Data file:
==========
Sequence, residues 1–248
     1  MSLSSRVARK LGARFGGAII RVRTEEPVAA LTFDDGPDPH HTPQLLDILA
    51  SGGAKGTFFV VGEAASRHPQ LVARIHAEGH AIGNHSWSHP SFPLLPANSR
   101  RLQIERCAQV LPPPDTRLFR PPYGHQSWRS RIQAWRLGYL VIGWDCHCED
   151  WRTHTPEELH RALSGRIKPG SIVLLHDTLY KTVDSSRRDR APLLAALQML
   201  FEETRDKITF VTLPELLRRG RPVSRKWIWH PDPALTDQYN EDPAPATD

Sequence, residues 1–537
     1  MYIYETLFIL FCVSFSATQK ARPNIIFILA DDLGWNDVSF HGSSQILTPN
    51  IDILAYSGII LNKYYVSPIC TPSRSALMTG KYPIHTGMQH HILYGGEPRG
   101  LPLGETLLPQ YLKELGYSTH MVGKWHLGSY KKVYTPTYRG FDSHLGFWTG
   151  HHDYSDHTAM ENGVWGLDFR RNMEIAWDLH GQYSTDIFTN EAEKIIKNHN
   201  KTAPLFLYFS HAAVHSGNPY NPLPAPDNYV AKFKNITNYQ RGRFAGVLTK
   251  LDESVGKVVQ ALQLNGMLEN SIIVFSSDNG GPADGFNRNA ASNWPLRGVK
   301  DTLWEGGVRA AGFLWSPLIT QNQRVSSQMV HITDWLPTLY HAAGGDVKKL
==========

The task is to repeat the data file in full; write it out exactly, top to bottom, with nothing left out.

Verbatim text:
Sequence, residues 1–248
     1  MSLSSRVARK LGARFGGAII RVRTEEPVAA LTFDDGPDPH HTPQLLDILA
    51  SGGAKGTFFV VGEAASRHPQ LVARIHAEGH AIGNHSWSHP SFPLLPANSR
   101  RLQIERCAQV LPPPDTRLFR PPYGHQSWRS RIQAWRLGYL VIGWDCHCED
   151  WRTHTPEELH RALSGRIKPG SIVLLHDTLY KTVDSSRRDR APLLAALQML
   201  FEETRDKITF VTLPELLRRG RPVSRKWIWH PDPALTDQYN EDPAPATD

Sequence, residues 1–537
     1  MYIYETLFIL FCVSFSATQK ARPNIIFILA DDLGWNDVSF HGSSQILTPN
    51  IDILAYSGII LNKYYVSPIC TPSRSALMTG KYPIHTGMQH HILYGGEPRG
   101  LPLGETLLPQ YLKELGYSTH MVGKWHLGSY KKVYTPTYRG FDSHLGFWTG
   151  HHDYSDHTAM ENGVWGLDFR RNMEIAWDLH GQYSTDIFTN EAEKIIKNHN
   201  KTAPLFLYFS HAAVHSGNPY NPLPAPDNYV AKFKNITNYQ RGRFAGVLTK
   251  LDESVGKVVQ ALQLNGMLEN SIIVFSSDNG GPADGFNRNA ASNWPLRGVK
   301  DTLWEGGVRA AGFLWSPLIT QNQRVSSQMV HITDWLPTLY HAAGGDVKKL